The Pride Palace community was created with the goal of making people feel loved, accepted, and valued.
This applies to all people. Today, we would like to bring some attention to our friends on the autism spectrum. According to the Autism Society of America, “autism is a complex, lifelong developmental disability that typically appears during early childhood and can impact a person’s social skills, communication, relationships, and self-regulation.” Currently, autism is the fastest growing developmental disability in the United States. Therefore, it is important now more than ever to understand the difference between acceptance and awareness. While spreading awareness is always helpful, acceptance is the true goal.
Acceptance refers to favorable reception or approval of something or someone. Although autism awareness has definitely grown in the United States, it has sadly not yet reached full acceptance. On March 4th, 2021, the Autism Society of America, alongside other disability organizations in the country, announced the formal shift of “Autism Awareness Month” to “Autism Acceptance Month.” This is because acceptance is often a very big barrier. “As many individuals and families affected by autism know, acceptance is often one of the biggest barriers to finding and developing a strong support system,” explained Christopher Banks, President and CEO of the Autism Society of America.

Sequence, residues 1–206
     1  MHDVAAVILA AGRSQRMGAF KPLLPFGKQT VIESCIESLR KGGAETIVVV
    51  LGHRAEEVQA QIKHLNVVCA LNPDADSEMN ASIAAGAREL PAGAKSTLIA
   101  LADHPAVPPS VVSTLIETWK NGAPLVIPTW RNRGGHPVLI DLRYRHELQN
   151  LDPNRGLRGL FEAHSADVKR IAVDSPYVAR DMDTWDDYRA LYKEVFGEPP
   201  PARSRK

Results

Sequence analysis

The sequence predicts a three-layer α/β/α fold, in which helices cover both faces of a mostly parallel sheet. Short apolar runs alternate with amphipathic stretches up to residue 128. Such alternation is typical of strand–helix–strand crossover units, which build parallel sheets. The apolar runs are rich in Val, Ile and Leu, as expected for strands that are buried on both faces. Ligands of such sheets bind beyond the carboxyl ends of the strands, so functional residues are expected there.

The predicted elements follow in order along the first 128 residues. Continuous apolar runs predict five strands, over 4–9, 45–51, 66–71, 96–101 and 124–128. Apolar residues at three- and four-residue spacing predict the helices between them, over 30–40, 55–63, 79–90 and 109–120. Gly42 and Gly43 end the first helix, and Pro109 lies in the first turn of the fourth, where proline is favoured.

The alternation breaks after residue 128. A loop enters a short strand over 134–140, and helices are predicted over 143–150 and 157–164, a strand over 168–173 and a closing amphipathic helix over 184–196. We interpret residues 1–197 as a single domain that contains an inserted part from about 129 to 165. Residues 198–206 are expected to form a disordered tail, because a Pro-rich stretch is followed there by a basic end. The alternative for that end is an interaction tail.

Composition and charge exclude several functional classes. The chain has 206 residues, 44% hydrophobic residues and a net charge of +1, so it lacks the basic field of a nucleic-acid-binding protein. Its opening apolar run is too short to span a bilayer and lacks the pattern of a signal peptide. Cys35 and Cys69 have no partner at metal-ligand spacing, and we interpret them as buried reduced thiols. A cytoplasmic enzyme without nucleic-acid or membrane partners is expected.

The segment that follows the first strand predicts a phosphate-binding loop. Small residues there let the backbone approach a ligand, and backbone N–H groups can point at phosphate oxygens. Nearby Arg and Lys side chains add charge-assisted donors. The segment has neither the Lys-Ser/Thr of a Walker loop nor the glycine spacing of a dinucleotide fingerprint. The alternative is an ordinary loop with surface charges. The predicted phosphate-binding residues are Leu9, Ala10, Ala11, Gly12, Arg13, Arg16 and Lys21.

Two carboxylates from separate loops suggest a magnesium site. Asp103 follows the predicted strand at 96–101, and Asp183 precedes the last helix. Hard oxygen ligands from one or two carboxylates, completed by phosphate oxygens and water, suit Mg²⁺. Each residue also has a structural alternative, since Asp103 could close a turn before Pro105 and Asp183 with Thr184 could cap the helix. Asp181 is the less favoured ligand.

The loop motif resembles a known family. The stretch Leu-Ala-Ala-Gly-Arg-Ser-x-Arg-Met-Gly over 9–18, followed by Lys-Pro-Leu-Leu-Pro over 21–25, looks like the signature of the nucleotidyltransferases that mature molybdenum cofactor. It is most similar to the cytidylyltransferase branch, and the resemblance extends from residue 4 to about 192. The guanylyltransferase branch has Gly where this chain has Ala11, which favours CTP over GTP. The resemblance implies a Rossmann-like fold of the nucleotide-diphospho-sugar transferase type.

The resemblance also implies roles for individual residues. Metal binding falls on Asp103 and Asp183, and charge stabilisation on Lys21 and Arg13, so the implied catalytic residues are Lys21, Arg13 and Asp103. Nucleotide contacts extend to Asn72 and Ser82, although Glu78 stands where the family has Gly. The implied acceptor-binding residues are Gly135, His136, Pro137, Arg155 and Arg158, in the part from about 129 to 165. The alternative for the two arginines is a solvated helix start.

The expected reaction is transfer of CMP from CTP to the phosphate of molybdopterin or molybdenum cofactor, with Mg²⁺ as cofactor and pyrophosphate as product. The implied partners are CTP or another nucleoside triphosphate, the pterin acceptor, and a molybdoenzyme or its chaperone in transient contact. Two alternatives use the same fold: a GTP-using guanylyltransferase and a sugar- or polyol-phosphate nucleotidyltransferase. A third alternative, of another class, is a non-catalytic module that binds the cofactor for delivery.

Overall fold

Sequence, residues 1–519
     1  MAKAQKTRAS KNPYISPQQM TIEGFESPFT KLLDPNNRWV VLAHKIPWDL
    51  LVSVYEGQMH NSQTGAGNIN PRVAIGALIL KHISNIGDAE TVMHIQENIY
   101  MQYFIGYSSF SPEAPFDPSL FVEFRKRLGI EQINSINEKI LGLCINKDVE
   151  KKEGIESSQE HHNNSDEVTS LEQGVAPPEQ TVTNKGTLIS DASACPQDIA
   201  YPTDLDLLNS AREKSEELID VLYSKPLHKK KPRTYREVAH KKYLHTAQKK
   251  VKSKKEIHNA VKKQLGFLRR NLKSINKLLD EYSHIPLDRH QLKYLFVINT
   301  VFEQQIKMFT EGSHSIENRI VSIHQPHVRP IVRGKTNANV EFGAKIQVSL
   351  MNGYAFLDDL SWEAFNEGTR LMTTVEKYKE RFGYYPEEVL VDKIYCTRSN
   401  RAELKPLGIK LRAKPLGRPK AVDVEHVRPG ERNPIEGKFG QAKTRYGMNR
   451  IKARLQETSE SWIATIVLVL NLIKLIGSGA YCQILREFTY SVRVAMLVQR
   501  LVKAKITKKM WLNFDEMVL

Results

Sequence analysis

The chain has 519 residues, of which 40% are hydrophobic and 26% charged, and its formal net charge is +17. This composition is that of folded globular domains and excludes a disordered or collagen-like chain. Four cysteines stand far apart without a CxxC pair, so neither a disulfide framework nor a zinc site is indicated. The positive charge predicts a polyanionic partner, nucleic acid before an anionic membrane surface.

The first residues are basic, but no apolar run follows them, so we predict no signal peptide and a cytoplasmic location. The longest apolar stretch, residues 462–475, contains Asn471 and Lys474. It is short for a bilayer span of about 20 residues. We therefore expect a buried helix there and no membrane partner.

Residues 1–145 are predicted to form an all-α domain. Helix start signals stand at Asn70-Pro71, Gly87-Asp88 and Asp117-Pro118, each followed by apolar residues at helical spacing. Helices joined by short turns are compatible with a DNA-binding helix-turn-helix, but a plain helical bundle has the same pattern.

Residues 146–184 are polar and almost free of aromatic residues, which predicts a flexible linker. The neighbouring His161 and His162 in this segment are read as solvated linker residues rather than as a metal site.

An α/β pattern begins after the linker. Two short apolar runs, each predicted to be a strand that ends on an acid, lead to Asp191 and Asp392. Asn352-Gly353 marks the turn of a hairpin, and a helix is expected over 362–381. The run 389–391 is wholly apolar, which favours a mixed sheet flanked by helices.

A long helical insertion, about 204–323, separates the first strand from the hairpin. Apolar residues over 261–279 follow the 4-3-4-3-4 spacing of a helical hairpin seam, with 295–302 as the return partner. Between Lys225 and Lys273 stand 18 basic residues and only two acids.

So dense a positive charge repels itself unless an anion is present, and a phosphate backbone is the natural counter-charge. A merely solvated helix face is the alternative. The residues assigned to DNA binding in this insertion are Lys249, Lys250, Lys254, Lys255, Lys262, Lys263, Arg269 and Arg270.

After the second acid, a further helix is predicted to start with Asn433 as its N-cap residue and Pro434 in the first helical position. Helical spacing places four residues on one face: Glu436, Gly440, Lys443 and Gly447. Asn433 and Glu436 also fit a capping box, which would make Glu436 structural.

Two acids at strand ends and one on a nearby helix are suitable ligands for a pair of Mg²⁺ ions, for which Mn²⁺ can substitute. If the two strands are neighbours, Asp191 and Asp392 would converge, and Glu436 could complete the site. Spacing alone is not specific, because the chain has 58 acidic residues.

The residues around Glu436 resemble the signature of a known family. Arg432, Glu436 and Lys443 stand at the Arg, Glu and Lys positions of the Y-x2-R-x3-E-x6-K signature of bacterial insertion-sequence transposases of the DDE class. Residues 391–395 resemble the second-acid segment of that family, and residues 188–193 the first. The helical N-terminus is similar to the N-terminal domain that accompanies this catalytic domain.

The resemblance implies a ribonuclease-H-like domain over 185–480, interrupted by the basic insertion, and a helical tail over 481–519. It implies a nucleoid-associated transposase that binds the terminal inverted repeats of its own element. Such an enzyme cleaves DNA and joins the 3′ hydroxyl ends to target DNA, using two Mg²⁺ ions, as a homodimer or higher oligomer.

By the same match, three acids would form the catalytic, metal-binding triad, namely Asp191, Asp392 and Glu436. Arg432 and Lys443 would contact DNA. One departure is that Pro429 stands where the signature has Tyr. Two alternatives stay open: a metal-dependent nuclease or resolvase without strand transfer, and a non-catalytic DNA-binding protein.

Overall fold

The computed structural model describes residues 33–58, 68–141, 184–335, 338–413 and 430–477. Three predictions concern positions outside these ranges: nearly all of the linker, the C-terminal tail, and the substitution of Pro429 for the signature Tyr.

1 in 54 children are diagnosed with autism spectrum disorder. This totals over 5 million young people and adults in our society. Clearly, this is a lot of people. As highlighted in the Autism Acceptance page, inclusion begins with acceptance. Being aware is one thing, but are you fully welcoming and accepting your autistic peers?
If you are looking for ways to become an even better and accepting ally, we’ve got you. Several disability organizations accept donations, no matter how big or small, and help ease the lives of those in the autism spectrum disorder as well as their family members and/or caregivers. The Autism Society uses donations to support autism education, awareness, advocacy, research, and more. You can donate here!
Final thoughts: While spreading awareness is always helpful, the true objective in being an ally is fostering autism acceptance. Remember to always use your voice to stand up for your community, whether you are a member or an ally.